- Historic Sites
T.R. And The “Nature Fakers”
The Rough Rider rode roughshod over writers who took liberties with Mother Nature’s children
February 1971 | Volume 22, Issue 2
There is no doubt that Roosevelt’s later championship of the conservation cause stemmed from his youthful devotion to natural history, extended and matured by his later observations in the West of soil erosion, economic exploitation of natural resources, and the rapid destruction of game animals. At one time, indeed, he thought seriously of becoming a professional biologist, but was put off by the emphasis at Harvard, during his undergraduate years, upon the laboratory approach to natural science—the embalming, the microscopy, and the dissection of tissues and embryos. It was an uncongenial approach to the young New Yorker who kept live animals in his own living quarters.
“Few men have accomplished more toward the protection of wild life,” wrote the biographer Henry F. Pringle, yet “the hunter caused the naturalist to do strange things.” There was a wolf hunt in Oklahoma, conducted in a blaze of publicity. In the early igoo’s cougars were taken in Colorado, bear hunts carried out in Louisiana and Mississippi, a grizzly located and shot in the Bitter Root mountains, and the buffalo herd reduced by T.R. in Dakota Territory.
The reaction of a considerable segment of the general public to Teddy’s hunts and exultant writings about them is suggested in Wallace Irwin’s pseudonymous Letters of a Japanese Schoolboy, by Hashimura Togo , concerning Roosevelt’s African safari. In this book Irwin described “the man-chewing tiger” as saying in “Japanese” English before the hunt:
There was in fact ambivalence and complexity in Roosevelt. He set aside one hundred and forty-eight million acres of forest timberland, established over fifty wildlife game preserves, doubled the number of national parks, and set up sixteen national monuments including Grand Canyon. Yet he always rode with rifle in hand. This was a point that the Reverend Mr. Long pushed relentlessly in his riposte.
Throughout the summer of 1907 the newspapers headlined nature faking. Some leaned toward Long; others agreed with the President. Some, like the Kansas City Journal , cried a plague on both your houses, and said it was time for Roosevelt to get back to the task of being the nation’s Chief Executive and for the preacher to look after his Sunday-school class: “Brave business this for the head of a great nation and a minister of the gospel.” The Boston Transcript called attention to what it termed a kind of odium biogicum that produced “the peculiar quarrelsomeness of the nature-lovers.” One scholarly writer did some research and came up with an item of historical information. If the nature-faker issue got into politics, he said, the Democrats could point with complacency to their President Thomas Jefferson. In his Notes on Virginia he had undertaken to refute not mere popular authors but the great French naturalist, Buffon, who in his Histoire naturelle had developed a theory of biological degeneracy in the New World.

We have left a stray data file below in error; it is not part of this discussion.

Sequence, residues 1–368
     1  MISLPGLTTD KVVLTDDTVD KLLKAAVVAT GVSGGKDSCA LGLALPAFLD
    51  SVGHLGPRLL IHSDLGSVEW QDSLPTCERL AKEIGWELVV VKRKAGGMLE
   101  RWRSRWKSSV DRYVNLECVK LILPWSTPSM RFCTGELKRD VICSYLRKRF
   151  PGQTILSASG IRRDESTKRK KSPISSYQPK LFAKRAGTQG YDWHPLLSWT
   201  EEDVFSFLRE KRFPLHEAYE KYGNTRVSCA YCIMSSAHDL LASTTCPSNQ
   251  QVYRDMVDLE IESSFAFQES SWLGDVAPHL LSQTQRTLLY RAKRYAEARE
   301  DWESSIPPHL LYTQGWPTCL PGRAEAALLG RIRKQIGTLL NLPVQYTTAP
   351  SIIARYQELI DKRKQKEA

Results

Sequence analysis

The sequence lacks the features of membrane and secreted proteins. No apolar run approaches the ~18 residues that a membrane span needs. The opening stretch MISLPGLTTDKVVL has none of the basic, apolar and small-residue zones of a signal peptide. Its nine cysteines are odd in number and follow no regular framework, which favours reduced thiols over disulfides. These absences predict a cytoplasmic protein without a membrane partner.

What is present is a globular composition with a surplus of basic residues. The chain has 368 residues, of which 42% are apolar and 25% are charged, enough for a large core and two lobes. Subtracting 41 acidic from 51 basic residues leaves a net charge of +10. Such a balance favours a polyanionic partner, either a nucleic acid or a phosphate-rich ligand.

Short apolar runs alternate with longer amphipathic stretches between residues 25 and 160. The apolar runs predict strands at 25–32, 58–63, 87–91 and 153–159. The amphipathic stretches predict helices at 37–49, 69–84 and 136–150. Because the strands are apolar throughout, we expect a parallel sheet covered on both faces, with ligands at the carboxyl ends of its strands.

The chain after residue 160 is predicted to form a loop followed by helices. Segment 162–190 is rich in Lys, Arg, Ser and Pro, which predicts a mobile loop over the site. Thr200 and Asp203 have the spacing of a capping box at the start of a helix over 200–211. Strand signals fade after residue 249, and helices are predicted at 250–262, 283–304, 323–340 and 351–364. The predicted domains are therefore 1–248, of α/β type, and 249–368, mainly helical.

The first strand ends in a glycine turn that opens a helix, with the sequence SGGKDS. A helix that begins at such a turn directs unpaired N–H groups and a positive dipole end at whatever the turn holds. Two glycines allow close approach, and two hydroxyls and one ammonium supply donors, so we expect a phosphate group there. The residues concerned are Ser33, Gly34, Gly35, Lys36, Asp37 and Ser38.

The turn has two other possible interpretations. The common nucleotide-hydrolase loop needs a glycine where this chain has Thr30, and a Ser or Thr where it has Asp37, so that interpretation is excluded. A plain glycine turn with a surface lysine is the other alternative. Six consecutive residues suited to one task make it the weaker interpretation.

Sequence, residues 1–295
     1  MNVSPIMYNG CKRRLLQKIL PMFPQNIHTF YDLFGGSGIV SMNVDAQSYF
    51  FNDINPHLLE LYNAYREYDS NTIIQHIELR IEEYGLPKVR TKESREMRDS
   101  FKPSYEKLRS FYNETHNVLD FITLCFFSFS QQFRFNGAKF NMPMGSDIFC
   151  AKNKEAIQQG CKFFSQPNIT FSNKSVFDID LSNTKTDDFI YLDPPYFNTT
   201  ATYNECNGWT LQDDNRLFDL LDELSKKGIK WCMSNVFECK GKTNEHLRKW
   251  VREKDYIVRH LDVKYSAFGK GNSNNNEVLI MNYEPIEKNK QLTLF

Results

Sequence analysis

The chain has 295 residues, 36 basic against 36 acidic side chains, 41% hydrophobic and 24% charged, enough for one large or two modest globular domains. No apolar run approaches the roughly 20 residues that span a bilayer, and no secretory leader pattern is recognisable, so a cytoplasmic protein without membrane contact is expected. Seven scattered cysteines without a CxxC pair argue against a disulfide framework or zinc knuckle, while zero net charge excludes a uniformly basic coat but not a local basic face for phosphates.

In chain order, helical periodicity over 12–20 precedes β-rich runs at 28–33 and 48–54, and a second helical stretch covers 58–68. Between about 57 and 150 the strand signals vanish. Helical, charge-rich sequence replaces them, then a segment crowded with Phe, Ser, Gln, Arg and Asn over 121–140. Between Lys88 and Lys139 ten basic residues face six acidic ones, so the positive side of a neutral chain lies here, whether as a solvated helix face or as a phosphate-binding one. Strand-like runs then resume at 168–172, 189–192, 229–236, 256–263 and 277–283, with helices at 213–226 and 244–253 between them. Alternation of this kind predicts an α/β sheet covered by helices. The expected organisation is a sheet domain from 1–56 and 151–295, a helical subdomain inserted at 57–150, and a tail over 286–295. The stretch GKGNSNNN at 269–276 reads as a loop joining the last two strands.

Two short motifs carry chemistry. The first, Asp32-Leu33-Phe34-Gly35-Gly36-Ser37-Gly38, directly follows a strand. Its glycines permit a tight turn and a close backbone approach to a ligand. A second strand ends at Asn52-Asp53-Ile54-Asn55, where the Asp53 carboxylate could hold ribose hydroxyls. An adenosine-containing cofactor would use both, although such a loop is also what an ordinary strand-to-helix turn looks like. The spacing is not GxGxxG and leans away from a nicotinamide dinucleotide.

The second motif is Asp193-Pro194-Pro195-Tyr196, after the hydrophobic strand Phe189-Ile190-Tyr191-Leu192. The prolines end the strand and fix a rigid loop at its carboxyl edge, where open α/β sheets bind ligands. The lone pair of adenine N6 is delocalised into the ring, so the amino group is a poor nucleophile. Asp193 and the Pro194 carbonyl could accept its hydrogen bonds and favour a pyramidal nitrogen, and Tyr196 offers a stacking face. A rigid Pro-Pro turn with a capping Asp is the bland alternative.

One odd consequence of Roosevelt’s effort to curb the dissemination of improbabilities about the natural world was a flood of new yarns and reminiscences showing that animals were capable of flexible behavior under special circumstances. One Englishman described a tug-of-war between a rogue elephant and five crocodiles which he had witnessed in South Africa. There was a heavy crop of stories about cats that had adopted motherless chickens, and hens that adopted motherless kittens. A faithful dog, when the house caught fire, seized the rope of the dinner-bell and sounded the alarm. Perhaps the prize should go to the black bass in a New Jersey reservoir that so admired the skill of a certain fisherman that he regularly rose to take whatever fly the fisherman happened to use; while the fisherman, with equal urbanity, so admired the grit and punctuality of the bass in hitting his line that he always threw him back into the water. Another commentator thought that Teddy should have been lenient with Long as an extension of the principle enunciated by Grover Cleveland, former President and expert sportsman, that “no true fisherman will deny the truth of any story told by any other fisherman.”